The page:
Two families who had their lives torn apart as a result of knife crime have welcomed new guidelines which could see longer jail terms for those caught carrying a knife.
From June 1, judges will have greater powers to jail those convicted of carrying a bladed weapon or offensive weapon, such as acid, in public and of using one to threaten someone, for longer.
The new guidelines aim to ensure consistency in sentencing.
Over the years there have been several changes to the law - including the introduction of new offences like threatening with a bladed article/offensive weapon in a public place.
Some of these also have mandatory minimum sentences - including six months in jail for those who use any type of weapon to threaten others.
The current guidelines gives the highest sentences to those offenders who threaten with knives - they will always receive sentences greater than six months.
The new guidelines show that the issue of knife crime is being taken seriously and is continuously being looked atGemma Maughan
The new guidelines - which could see longer jail terms for those simply carrying a knife - have been welcomed by Gemma Maughan and Pat McDougall.
Gemma’s brother David Charlton was killed when he was stabbed to death in Stanhope Road in 2012.
Pat’s grandson, Glen Corner, was killed on his 16th birthday after he was attacked by a fellow teenager armed with a knife in Harton in August 2006.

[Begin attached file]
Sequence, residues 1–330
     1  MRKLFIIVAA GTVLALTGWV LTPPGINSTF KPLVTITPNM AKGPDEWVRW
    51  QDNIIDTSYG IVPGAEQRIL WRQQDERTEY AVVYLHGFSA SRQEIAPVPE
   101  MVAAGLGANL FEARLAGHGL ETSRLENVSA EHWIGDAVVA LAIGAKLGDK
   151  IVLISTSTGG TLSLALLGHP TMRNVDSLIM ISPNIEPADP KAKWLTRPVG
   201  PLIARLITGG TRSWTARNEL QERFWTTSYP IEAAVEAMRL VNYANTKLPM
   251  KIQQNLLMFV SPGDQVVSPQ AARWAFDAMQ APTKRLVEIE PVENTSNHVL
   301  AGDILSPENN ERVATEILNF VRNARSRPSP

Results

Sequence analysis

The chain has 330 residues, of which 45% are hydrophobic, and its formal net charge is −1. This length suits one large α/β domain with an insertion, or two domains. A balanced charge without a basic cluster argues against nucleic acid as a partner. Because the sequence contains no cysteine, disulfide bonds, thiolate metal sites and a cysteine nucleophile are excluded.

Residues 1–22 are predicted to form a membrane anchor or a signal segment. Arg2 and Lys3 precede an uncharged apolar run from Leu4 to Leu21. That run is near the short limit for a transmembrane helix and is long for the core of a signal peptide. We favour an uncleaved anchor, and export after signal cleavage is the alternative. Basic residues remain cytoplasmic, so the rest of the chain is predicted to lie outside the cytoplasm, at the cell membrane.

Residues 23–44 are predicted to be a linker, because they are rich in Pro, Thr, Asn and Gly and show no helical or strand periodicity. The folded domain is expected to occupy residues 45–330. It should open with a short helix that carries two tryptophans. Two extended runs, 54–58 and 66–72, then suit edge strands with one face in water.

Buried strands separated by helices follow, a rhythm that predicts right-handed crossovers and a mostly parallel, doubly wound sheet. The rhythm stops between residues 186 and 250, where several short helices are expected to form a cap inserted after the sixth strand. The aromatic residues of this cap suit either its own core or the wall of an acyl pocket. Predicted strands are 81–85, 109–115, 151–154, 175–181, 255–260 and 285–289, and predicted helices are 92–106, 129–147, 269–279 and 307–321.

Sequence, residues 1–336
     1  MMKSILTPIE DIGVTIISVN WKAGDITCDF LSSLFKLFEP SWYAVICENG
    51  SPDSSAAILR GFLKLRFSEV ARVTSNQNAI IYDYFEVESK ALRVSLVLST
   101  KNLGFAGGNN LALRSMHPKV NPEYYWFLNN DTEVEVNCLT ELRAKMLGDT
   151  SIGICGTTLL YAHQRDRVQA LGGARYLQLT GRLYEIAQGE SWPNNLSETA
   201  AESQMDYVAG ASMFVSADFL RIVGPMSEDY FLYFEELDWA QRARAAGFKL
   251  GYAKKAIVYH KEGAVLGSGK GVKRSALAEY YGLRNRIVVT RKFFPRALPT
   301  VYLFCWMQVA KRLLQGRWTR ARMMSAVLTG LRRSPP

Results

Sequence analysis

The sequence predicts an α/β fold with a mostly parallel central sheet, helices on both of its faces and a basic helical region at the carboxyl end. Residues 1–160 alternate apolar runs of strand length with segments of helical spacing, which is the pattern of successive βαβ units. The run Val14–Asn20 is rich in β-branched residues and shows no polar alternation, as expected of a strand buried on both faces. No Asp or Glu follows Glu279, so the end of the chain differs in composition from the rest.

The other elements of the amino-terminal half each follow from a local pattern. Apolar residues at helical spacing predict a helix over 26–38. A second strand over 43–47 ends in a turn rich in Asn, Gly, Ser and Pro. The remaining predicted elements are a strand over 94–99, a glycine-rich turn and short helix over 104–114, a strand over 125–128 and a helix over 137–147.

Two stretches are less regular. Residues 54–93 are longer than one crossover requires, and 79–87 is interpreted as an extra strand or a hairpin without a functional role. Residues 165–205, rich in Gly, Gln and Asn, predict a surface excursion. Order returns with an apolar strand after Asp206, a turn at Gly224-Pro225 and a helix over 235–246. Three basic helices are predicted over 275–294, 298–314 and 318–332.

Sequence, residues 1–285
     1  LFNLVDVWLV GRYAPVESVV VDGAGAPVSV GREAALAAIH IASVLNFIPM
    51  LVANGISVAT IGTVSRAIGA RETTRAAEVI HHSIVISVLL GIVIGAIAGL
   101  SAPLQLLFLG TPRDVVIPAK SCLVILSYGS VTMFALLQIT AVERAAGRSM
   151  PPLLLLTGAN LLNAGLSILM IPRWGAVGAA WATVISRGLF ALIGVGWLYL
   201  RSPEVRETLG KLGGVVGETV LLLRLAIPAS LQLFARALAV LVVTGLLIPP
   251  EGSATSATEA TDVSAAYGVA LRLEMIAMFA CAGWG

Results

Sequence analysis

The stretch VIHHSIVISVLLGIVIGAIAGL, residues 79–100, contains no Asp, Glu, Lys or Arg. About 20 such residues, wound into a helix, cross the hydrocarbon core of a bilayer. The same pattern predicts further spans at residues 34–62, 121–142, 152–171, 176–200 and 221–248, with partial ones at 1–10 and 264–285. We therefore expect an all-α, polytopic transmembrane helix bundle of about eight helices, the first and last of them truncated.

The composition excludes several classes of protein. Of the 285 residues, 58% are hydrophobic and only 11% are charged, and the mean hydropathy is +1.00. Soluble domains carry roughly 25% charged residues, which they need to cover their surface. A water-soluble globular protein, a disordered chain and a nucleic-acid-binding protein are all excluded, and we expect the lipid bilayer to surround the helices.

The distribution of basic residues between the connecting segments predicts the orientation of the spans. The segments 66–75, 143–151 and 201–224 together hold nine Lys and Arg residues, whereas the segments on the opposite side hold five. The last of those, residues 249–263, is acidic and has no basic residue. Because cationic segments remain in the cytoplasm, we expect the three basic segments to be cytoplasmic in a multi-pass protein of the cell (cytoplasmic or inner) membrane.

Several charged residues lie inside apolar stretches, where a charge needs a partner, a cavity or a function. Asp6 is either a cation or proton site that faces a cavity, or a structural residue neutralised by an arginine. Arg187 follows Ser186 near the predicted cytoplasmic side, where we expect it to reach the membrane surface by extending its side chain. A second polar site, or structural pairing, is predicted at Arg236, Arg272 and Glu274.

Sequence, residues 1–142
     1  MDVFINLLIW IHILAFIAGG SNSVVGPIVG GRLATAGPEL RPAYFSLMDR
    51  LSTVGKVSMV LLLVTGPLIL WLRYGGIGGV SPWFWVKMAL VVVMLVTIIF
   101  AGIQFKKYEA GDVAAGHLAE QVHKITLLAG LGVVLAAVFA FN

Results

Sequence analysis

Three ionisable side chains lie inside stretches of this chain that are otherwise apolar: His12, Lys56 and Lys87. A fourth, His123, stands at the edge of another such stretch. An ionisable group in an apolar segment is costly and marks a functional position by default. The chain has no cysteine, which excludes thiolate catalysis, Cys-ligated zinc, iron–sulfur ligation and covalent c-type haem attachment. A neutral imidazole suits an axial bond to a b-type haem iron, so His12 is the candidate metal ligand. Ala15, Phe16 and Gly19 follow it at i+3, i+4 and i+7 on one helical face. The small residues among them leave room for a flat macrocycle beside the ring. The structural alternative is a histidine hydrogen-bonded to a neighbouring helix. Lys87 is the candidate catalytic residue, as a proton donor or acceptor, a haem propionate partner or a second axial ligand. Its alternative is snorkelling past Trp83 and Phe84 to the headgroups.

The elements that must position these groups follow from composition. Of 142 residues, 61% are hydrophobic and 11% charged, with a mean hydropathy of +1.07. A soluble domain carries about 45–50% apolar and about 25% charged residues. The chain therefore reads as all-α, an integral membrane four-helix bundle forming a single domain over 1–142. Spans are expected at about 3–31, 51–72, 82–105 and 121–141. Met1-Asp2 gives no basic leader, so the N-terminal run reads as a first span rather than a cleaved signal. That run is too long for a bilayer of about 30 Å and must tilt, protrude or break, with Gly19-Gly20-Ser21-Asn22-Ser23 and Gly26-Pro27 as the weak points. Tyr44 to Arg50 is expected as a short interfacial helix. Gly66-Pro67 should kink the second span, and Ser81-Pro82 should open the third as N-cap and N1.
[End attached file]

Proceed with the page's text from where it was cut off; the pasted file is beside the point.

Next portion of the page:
Both women, with the support of police, have been involved in raising awareness of the dangers of knives to young people.
Police say there is currently not an issue with knife crime in South Tyneside - something they are keen to keep that way.
Gemma Maughan said: “Anything which increases the length of sentencing for those carrying a knife or bladed weapon, which reflects the seriousness of the issue, has to be a positive one.
“The new guidelines show that the issue of knife crime is being taken seriously and is continuously being looked at.
“With the amount of knife crime you hear about and that it is rising - it’s only right it is looked at and tougher sentences are imposed.”
Pat McDougall said: “This is good news, however, I still feel courts needs to get stricter on those carrying knives.
“It’s all well and good having these guidelines and mandatory sentences, but the courts need to be implementing them.”